How do I repair a cracked grout line where old concrete meets new concrete?

Answered by Jeffrey ~ February 12, 2012 ~ No Comments

We had a professional contractor remodel our home 5 years a go. At the time, we had a sunken living room which the contractor filled with concrete in order to bring it to the same level as the rest of the house. We had ceramic tile laid on top of the concrete. Over the years, the grout line has separated where the original concrete meets the new concrete. I have removed the cracked grout line but am not sure what to do to prevent any new grout from cracking in the future. Someone suggested mixing cement grout with caulk. The grout lines are only 1/8". Thanks for your help.

Liz W ~ Orlando, FL

Jeffrey Anderson

Hi Liz. There will probably always be a little bit of movement where the new concrete slab meets the original concrete in your home. That's one of the reasons why concrete contractors often place an expansion joint between two concrete slabs poured at separate times.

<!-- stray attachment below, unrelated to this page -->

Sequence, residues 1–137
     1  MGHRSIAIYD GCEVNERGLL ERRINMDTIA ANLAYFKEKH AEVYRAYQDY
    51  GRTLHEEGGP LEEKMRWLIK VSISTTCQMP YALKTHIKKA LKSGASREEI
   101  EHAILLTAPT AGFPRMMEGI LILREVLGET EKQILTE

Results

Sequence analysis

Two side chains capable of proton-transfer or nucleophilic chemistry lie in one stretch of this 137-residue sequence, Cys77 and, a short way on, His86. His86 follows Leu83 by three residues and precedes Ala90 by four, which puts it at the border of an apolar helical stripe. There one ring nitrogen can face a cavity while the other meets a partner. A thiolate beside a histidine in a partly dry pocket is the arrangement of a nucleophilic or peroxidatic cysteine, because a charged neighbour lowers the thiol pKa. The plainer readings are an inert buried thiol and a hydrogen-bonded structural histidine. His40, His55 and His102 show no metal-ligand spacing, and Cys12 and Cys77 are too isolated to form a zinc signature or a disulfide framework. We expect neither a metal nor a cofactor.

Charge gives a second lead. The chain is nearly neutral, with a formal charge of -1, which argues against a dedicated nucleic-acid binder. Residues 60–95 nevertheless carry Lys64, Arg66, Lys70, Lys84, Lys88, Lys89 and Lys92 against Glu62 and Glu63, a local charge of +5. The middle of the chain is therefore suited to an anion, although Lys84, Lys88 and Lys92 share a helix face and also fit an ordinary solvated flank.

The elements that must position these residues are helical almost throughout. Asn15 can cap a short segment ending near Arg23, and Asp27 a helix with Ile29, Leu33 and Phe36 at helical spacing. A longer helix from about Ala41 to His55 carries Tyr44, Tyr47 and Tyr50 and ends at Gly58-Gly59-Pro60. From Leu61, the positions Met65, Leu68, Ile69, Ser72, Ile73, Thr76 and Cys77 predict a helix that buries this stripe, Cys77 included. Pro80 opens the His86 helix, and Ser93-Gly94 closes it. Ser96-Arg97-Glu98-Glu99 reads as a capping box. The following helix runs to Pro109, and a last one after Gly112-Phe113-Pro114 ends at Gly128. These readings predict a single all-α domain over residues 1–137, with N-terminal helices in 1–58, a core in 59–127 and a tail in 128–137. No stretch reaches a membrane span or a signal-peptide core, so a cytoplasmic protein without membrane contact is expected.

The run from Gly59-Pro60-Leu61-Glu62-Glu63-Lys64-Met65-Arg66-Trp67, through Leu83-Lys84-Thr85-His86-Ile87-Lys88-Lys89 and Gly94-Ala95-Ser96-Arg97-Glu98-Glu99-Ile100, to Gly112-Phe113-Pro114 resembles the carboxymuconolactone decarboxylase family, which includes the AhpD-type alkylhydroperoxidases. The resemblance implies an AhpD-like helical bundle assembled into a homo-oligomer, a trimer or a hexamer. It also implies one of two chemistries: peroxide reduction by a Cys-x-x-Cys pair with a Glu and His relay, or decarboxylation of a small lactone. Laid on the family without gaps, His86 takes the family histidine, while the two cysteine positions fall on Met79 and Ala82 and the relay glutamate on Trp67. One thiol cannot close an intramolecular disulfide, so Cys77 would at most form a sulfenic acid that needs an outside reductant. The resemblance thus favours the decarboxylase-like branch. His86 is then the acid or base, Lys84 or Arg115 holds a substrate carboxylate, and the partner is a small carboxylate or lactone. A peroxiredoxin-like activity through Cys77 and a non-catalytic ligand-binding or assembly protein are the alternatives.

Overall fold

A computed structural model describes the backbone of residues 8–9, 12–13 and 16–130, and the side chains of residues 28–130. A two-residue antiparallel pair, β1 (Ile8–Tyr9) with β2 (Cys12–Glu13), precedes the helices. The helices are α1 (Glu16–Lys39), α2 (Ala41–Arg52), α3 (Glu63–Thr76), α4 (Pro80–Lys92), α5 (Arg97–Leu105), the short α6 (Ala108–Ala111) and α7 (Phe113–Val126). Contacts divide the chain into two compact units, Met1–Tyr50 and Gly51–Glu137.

My suggestion would be to mix some flexible grout additive in with your new grout rather than using caulk initially. The additive is latex based and should make the joint a little stronger and allow some movement without cracking. The product should be available at the larger home improvement stores around Orlando and you might also check at tile or flooring retailers.

If you still have a problem with the grout cracking, caulk might be the best solution. I would recommend a mildew resistant silicone that should hold up better in your humid climate. It is the same type of caulk that's used in showers and tubs where the grout can crack due to movement.

You don't mention exactly where this grout joint is located in relation to your home's floor-plan. If the two concrete slabs meet at a doorway or even at an opening of some sort that is narrower than the entire room width, you might try a low-profile wood threshold over the grout joint. You would still have the crack, but it wouldn't be seen. I have used this technique myself on numerous occasions and if you stain the trim to match other trim or furniture in the room, it can be quite attractive.

If you decide to try this solution, use a drill bit designed for ceramic tile to drill down through the wood and tile or the ceramic flooring may crack. You'll need to use fasteners designed for concrete to hold the trim down.

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